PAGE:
With chronic illness comes many choices, mainly how we pace ourselves. So this week I’ve made the choice to join in jwith Christmas as much as I can, even if it’s meant lie-ins til 3pm. I could have used my spoons more wisely, but this is my life now; not just an illness excursion! I can’t get this time back, so I chose to pretend to myself that the punishing pain would hibernate, but deep down I knew…..

I knew it was coming.

My world: mum, wife, creator, teacher

Two years ago I wrote a blog about the guilt that comes with being a chronically ill mum. There are still ups and downs and guilt does still come and slap me in the face ocassionally, but I have strategies to deal with it now. I also try and remember the words of a counsellor I once saw; guilt is the feeling of being angry with something/one but not being able to express the anger so it turns in on yourself in the form of guilt. I wanted to write a more positive post 2 years on and explore how these roles have evolved and the lessons I have learnt on this tough journey.

I have come a long way in my understanding that this is going to affect me life forever. There were never any guarantees with any of the operations I will and have had. That acceptance in itself is a huge thing to process. There are many issues for all of us to cope with still , but we have to believe that things will eventually improve and become less invasive. To see a little improvement with each operation gives us optimism for the future.

In the title of this blog, I describe myself in my many roles, but I am first and foremost a wife and mother.  Depression, brain fog and dealing with guilt about being ill, had dampened my connection with these roles. I went through a long period of feeling that this illness was somehow my fault, which it is not at all, of course. I am now mostly able to fill my head with a positive spin on this and we make a concerted effort to discuss with the boys that the situation we are in is due to my illness; not due to choices I am making. We have developed strategies to support the whole family through this but of course I wish I could just get up every day and be a normal mum!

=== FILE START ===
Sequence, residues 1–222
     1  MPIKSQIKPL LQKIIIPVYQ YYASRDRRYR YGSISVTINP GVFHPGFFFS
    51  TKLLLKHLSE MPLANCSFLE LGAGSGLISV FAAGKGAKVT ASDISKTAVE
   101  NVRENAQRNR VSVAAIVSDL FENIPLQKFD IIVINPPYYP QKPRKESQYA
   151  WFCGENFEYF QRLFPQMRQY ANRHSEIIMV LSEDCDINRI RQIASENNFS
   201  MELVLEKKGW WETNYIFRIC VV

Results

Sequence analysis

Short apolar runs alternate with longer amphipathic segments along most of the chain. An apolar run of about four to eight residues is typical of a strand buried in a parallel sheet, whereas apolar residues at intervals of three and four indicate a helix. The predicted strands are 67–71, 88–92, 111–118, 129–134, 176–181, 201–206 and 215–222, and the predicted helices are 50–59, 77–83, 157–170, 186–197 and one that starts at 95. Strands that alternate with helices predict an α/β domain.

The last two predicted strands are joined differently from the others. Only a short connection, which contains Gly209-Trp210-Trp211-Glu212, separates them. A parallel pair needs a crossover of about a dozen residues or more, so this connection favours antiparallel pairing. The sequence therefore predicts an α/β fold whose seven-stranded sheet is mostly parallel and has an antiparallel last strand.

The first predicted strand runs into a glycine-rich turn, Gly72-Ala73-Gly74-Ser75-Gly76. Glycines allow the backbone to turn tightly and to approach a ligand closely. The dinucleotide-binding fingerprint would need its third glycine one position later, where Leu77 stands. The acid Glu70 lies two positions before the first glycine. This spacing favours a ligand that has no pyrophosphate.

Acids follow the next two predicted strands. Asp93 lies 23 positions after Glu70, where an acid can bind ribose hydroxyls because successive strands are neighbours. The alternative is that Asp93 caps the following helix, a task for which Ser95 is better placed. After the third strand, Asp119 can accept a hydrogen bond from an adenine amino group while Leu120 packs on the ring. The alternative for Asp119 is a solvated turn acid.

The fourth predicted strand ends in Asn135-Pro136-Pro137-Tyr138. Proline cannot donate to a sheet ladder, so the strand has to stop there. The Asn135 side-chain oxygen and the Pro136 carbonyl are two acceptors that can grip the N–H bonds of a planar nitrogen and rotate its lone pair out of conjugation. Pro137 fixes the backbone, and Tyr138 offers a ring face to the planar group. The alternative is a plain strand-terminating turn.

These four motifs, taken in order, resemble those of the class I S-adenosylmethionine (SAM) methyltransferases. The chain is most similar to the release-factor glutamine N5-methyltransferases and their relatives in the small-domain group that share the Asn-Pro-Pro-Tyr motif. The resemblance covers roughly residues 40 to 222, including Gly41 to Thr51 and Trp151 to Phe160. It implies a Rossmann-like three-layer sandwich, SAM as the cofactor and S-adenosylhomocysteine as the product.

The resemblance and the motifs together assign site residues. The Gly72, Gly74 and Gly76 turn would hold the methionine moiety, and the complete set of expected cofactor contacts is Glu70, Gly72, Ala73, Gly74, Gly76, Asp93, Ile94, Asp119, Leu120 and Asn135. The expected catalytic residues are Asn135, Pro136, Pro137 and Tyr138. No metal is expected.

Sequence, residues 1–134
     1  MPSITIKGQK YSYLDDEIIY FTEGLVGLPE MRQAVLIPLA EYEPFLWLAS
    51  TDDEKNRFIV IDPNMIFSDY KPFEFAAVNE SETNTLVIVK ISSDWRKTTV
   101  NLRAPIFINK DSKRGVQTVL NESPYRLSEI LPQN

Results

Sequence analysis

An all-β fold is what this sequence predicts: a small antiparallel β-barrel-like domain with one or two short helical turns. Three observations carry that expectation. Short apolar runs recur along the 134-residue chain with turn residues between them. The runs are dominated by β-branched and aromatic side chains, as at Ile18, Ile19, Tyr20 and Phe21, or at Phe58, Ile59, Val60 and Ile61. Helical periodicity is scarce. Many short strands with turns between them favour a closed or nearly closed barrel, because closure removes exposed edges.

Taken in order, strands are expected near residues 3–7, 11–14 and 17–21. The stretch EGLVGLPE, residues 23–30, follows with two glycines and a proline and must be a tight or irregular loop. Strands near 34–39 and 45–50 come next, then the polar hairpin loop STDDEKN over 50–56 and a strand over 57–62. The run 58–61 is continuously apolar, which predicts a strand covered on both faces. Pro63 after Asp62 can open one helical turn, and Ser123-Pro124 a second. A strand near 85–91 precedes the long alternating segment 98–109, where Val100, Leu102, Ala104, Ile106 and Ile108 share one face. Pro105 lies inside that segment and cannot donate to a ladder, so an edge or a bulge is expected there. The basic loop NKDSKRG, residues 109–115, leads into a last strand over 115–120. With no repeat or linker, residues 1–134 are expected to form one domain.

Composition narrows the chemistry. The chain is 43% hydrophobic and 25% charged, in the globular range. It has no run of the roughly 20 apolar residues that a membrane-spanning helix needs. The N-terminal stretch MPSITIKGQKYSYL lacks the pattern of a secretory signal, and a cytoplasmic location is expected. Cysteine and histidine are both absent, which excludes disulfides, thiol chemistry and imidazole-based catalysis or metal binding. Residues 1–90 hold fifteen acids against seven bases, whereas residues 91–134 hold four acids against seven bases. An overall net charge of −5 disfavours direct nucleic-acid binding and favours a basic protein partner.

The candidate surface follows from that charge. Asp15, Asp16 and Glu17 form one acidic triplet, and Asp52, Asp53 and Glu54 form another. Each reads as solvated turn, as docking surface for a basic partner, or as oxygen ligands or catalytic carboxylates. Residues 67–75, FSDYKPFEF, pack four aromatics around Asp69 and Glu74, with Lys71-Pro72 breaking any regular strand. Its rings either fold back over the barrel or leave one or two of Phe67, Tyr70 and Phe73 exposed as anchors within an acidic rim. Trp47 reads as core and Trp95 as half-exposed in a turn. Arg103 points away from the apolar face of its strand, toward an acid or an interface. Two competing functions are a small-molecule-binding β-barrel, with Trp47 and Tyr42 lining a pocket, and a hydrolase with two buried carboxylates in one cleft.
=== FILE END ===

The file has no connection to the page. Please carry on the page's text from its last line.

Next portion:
We are all affected by the constraints of my illness, all the time, but most profoundly when I have a long spell trapped in my bedroom cocoon. Weeks not days, of being barely able to move have taken it’s toll but we’re gradually turning this around by the adjustments we’ve made to our home (discussed in previous post). I am determined to live as normal a life as possible, even if it costs me spoons. We only have one life don’t we? Our new normal has to take into account my illness, but if we wait until I’m well enough; we may never do what we love. If I wait until I have no pain before I engage in discussion with my friends or carers then I will just be lonely. If I wait until I can walk then we may never go out again! Normalising this is hard for us all but my personal grieving period is coming to an end.